One Word from Sophia
Atheneum Books for Young Readers
June 16, 2015
Sophia tries varied techniques to get the giraffe she wants more than anything in this playfully illustrated story about the nuances of negotiation.
Sophia has one true desire for her birthday. But she has Four Big Problems in the way: Mom, Dad, Uncle Conrad...and Grand-mama.
Will her presentations, proposals, and pie charts convince them otherwise?
Turns out, all it takes is one word.
In my very first picture book review, I stated that children’s books can be considered shallow due to their “flamboyant illustrations and lack of SAT words,” and I think we have been able to prove that untrue. However, after coming across Averbeck and Ismail’s One Word from Sophia, I realized I was wrong about picture books all lacking SAT words.
This is the story of Sophia who has one desire and four problems. Her desire is a pet giraffe, and her problems are her lawyer mother, businessman father, politician uncle, and strict grandmother. We will dismiss the detail that this young girl is referring to her family members as “problems” and move on to her method of obtaining what she wants.
First, she approaches her lawyer mother, handmade charts in hand, and says:
I would like a giraffe… because they burn less gasoline, so they meet federal regulations better than the cars we use now. In the last fifty years, no giraffes have been recalled for defective parts, and newer models have a particularly strong safety record. Also, giraffes have not been shown to be the cause of any major diseases. Giraffes are legal in all fifty states.
It’s around this point that I drop the book on the ground and walk away to collect myself for a moment. Was this book incorrectly shelved at Barnes and Noble? Was that really just in a picture book?
She goes on to present similar cases to her father and uncle, after tailoring her argument to suit their respective areas of expertise. For her father, she makes giraffe ownership sound like the business move of the century, and she presents it to her uncle as a bold political statement. Basically, Sophia is going to rule the world one day.
However, all of her pitches are shot down. Her family members say that her propositions are too “effusive,” “loquacious” and “verbose,” which according to the glossary supplied in the back on this text all mean “using too many words.” This is apparently a problem in Sophia’s family, even though using pretentious words seems to be just fine.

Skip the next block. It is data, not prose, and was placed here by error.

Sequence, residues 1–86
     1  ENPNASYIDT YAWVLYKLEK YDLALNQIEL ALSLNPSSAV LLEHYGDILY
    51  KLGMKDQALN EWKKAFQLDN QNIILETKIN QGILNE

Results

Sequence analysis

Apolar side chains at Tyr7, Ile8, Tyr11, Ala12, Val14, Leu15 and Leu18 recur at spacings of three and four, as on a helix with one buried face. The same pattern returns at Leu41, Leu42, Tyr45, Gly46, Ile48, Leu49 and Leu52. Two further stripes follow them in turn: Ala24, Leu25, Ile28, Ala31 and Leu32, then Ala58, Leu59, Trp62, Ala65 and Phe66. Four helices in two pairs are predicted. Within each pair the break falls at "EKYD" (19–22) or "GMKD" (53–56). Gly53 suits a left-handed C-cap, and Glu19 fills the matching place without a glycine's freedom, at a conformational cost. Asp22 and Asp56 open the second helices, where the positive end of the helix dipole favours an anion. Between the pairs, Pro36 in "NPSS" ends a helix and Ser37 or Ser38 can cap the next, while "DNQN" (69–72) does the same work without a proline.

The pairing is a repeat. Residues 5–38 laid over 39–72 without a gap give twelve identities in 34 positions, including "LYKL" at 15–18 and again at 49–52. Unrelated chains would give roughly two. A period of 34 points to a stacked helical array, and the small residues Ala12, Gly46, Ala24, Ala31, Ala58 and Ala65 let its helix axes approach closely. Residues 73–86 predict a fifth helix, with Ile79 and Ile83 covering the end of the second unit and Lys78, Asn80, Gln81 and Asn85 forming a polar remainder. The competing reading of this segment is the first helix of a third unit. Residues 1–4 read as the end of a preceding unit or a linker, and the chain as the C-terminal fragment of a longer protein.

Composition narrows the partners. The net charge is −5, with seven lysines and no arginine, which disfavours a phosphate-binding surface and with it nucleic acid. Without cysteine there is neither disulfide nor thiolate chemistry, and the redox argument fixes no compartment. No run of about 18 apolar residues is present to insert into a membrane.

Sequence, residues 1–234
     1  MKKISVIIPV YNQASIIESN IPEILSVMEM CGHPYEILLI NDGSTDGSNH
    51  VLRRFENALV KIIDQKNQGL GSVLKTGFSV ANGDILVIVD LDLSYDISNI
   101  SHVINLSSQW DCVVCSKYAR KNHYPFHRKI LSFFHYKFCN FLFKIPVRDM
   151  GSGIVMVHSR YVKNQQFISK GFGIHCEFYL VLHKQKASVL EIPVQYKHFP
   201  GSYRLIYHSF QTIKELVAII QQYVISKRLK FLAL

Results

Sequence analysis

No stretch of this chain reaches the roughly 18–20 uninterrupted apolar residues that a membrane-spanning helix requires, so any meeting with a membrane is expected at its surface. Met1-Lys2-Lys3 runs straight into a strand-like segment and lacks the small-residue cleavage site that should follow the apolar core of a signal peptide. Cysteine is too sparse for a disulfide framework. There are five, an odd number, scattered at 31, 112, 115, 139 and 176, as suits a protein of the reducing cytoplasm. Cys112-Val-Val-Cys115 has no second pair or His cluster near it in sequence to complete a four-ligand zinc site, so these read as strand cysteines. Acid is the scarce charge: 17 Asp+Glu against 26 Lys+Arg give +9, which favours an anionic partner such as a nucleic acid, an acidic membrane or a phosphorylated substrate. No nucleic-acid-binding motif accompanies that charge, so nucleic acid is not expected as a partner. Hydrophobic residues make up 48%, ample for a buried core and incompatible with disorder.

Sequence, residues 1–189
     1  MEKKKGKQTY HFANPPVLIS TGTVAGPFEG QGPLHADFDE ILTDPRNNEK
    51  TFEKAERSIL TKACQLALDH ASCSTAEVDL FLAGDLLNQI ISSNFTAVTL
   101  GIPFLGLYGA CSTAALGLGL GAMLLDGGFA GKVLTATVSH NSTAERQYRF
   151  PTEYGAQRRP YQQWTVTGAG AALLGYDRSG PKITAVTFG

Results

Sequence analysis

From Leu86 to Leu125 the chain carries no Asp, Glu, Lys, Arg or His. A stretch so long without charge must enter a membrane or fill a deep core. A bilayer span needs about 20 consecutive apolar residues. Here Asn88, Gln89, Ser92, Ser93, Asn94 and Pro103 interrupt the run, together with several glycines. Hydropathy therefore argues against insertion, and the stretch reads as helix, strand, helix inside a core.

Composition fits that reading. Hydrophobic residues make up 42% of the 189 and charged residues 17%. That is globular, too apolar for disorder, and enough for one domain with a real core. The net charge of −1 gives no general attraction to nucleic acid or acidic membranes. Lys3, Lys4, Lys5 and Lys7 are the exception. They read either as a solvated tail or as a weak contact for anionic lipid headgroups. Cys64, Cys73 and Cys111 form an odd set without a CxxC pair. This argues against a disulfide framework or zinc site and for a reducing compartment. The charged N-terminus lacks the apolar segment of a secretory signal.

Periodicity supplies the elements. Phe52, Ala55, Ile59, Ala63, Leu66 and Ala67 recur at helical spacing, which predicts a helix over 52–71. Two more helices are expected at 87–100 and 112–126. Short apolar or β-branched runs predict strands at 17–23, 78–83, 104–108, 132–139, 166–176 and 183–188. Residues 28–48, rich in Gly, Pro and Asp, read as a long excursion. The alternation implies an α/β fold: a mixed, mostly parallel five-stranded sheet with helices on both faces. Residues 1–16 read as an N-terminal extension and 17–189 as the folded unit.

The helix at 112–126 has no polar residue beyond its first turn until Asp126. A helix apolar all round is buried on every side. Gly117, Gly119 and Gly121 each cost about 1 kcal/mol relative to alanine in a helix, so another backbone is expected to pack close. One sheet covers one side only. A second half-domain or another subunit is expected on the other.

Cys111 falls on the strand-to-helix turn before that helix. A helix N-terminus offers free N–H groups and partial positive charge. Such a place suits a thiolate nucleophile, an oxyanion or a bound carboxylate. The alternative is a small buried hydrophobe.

It is then that Sophia, who is not going to give up that easily, gathers her whole family together for one last shot at her case. This time she uses only one word: please.
And guess what. They get her a giraffe. All because she says please.
This is a heartwarming story, sure. However, it seems that Sophia’s allegedly problematic family members are hindering their next generation’s future success. No lawyer, businessman, or politician outside of Sophia’s family is going to give her presentation a single glance if it consists of just one word, even if it is the MAGIC word.
Past this issue, we are left with a book that explores yet another SAT word: socialization. Socialization is, according to the Oxford English Dictionary, “the process by which a person learns to function within a particular society or group by internalizing its values and norms.” In other words, it is how we learn what is acceptable and normal for our culture. For instance, a kid who grew up with ten brothers and sisters would think big families were the standard, and a child who grew up in New York City might think traveling everywhere by subway was just a way of life.
When we look at the illustrations of this book, we see that Sophia comes from a mixed race background, and beyond this, we see that she has two very successful, working parents who still have time to invest and be active in their daughter’s life. This book presents these ideals casually, not even feeling the need to formally point them out, as to convey even further how “normal” it all is. Sophia finds it all normal, so young readers will find it normal; therefore, the next generation will find it normal.
That is a power picture books have that other forms of literature lack. These books have the ability to literally SHOW instead of TELL, and they catch readers at just the right impressionable and unbiased age, when they are able to fully soak in these crucial life lessons.
Sophia is an example of a child growing up in a unique environment that she finds normal. She thinks that creating charts, presenting arguments, spewing political mumbo-jumbo, and owning a giraffe, are all completely acceptable activities for a young girl, and maybe children who grow up reading books of this nature will grow up not only with the impression that these are social norms, but also that words like “quadruped” and “loquacious” are acceptable in everyday vernacular. I think we can agree that this sounds like a future we would all like to live in.
“socialization, n.” OED Online. Oxford University Press, June 2015. Web. 28 August 2015.